Archive for the ‘market research’ tag
By Dean Burnett, Senior Director of Global Panel Operations
Earlier this year, market research organization Greenbook published its 2014 Industry Trends Report. One of the commentaries in the piece titled “Criteria Importance in Data Collection Methods” explored what criteria companies use when they select market research partners. The authors conducted a comparison: the research agency’s perceived list of important criteria and then the actual stated importance of those criteria from the perspective of the buyers.
The study specifically focused on the question of which techniques to use for data collection. The data from the study and the insights that it provides can provide useful context for researchers and companies wrestling with decisions about what market research formats to use. The questions around these priorities are also helpful when evaluating new methods and how best to integrate them into your company’s research agenda. Here’s a closer look at what you can learn from their work.
By Scott Worthge, VP, Research Solutions
The effectiveness of your market research agenda is directly tied to how relevant the results are to your business objectives. Your business faces urgent problems every day, from how to develop new products that sell to how to improve your customer service experience. There is also a long list of important, but not urgent, issues that need attention and strategic direction. Direct input from the market is an essential tool to identifying issues and opportunities, formulating solutions and implementing those in a winning way. Yet conducting in-depth research may not be possible for each area you’d like customer feedback on. Micro-surveys can help you narrow your focus and get feedback on targeted, crucial areas of your business.
By Andy Jolls, Chief Marketing Officer
In the start-up and entrepreneurial space, there’s significant focus on Eric Reis’ book The Lean Startup. The concept is simple: an agile or just-in-time marketing, research and product development approach keeps organizations always learning and iterating based on that knowledge. One of the core tenants of the philosophy is to be always testing and always innovating. Creating an organization that’s based on a culture of learning and sharing data is a challenging process. However, it’s ultimately worth it in terms of growth and the ability to offer world-class products and services to your market. How do companies create the kind of cultural infrastructure that supports ongoing dialogue with the market?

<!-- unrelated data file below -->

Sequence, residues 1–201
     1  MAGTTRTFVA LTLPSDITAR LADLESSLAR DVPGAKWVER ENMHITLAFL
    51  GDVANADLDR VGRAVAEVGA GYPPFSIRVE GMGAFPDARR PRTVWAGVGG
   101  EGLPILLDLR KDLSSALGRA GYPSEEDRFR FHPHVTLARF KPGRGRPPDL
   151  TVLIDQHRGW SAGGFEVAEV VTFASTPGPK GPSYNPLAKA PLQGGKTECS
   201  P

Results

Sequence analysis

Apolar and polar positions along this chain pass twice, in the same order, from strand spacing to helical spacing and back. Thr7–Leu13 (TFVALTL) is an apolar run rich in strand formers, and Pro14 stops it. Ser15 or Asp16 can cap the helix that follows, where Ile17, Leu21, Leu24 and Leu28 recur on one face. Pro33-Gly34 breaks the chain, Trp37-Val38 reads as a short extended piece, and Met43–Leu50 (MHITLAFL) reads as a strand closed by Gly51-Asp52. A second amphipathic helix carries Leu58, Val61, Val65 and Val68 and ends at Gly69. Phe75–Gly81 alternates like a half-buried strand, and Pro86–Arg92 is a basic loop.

By Jeffrey Henning
Panel companies do a great job of profiling their members for common attributes. Need to survey Hispanics under 30 years old? No problem. Need to survey divorced college graduates? No problem. Need upper-income parents? Again, no problem!
But what if you need to survey moms who took their child to the museum in the past 6 months? Or, you need upper income households that listen to Sirius XM satellite radio? With target groups like these, things start to get a little more complicated.
By Joe Jordan, Vice President of Panel Operations
We live in a world of big data. Everything that consumers do is closely monitored and analyzed. The body of behavioral, demographic and purchasing data that exists and is available to marketers is staggering. In fact, the amount of data that companies collect on their own customers from the geolocation tracking of in-store behavior to the microanalysis of what visitors do on websites is massive. Consider that we generate 2.5 quintillion new bytes of data each day.